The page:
November 28, 2002
ONCE AGAIN, THE NEW YORK TIMES IS PLAYING CATCH-UP TO THE BLOGOSPHERE, with a story on the shortage of female warbloggers, something that was bruited about the blogosphere months ago. Jeff Jarvis is unimpressed, and not shy about saying so:
(1) Anyone of any gender who wants to start a blog can. Nobody will stop them. So you can’t argue that some bigger power structure — blog executives, the old blog boys club — is stopping them. The only thing stopping nonbloggers from . . . blogging is themselves. That, after all, is the whole point of this new medium: It’s anybody’s. It’s everybody’s.
(2) There are many, many great women bloggers. I don’t need to start listing them. You know them.
Even the writer has to admit that there is no frigging point to her story: “But women are, in fact, blogging in big numbers.” So why write it? Why print it? Just because it fits?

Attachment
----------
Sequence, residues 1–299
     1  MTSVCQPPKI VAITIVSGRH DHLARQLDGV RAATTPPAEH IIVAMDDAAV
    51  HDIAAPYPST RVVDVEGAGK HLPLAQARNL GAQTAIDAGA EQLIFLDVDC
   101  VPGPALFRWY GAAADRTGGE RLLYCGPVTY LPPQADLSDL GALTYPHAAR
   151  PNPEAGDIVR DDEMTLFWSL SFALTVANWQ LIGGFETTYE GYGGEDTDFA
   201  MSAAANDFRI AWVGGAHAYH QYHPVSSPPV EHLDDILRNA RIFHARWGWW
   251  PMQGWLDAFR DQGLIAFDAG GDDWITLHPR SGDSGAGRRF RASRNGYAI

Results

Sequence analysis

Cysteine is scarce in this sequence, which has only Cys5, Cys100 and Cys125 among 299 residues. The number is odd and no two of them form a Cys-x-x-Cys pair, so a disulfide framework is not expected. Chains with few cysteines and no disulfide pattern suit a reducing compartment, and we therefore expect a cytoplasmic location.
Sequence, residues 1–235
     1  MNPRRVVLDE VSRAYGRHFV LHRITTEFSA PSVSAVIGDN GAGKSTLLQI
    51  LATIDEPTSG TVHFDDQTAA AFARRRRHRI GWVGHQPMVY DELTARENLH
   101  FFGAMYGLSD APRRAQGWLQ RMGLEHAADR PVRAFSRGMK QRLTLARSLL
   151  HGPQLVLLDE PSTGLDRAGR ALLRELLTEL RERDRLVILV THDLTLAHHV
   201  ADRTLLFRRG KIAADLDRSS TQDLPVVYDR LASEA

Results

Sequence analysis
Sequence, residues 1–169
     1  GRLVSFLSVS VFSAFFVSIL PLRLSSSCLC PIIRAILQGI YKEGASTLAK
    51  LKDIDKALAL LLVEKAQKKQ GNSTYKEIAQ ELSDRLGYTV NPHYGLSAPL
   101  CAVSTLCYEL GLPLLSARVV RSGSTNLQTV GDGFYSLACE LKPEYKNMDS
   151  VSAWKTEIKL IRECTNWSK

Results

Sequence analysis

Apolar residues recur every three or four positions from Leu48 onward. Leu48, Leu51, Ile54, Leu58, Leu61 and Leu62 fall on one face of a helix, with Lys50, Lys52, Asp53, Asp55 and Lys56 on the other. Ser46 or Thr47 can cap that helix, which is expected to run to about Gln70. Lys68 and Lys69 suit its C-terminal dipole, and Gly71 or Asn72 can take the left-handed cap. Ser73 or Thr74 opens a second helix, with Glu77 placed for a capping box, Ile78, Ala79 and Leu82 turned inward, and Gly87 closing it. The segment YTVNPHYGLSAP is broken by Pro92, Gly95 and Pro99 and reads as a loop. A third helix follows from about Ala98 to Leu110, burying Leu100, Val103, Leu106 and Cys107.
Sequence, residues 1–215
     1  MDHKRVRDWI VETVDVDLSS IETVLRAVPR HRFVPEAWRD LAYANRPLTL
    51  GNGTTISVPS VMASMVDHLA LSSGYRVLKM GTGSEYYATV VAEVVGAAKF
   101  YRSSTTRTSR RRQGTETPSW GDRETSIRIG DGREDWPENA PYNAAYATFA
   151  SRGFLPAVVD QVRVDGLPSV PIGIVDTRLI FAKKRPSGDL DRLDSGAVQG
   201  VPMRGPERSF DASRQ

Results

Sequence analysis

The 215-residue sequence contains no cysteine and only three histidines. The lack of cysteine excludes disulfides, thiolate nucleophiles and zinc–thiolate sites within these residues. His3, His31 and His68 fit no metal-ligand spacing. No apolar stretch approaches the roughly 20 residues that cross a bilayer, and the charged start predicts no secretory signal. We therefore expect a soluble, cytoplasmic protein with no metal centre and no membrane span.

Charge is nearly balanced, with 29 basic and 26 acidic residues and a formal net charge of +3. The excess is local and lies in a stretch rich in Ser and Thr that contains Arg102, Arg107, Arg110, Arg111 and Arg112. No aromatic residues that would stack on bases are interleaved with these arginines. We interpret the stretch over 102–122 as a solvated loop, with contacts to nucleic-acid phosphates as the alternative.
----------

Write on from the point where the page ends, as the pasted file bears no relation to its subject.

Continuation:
I don’t think the story is quite that bad, but maybe my expectations for the Times are lower than Jeff’s. What I think is curious is that the author didn’t interview more female bloggers, especially warbloggers. Sure, she interviews Virginia Postrel, but (1) Virginia writes for the Times, which makes it kind of inside-baseball; and (2) Virginia isn’t blogging much anymore. (Why not? Come back, Virginia! We miss you!) Rebecca Blood is mentioned, but she’s not a warblogger by any means, and the article seems just to be drawing from her book — she isn’t actually quoted. The other women quoted are non-warbloggers.
But the reporter could have gone down my blogroll and found a lot of women warbloggers who blog more-or-less daily. Talking to them might have shed some light on the story. My guess is that women who do warblogs are interested in different things than women who don’t.
The interesting thing to me isn’t that there are fewer women warbloggers than men. It’s that there are so many more women warbloggers than there would have been ten years ago. The Times missed the bellicose-women trend entirely in this story. I can’t help but feel that a conversation with Michele, or Brooke, or Athena, — all of whom could be found without getting past the “A” section of my blogroll — might have been enlightening. And led to a better story.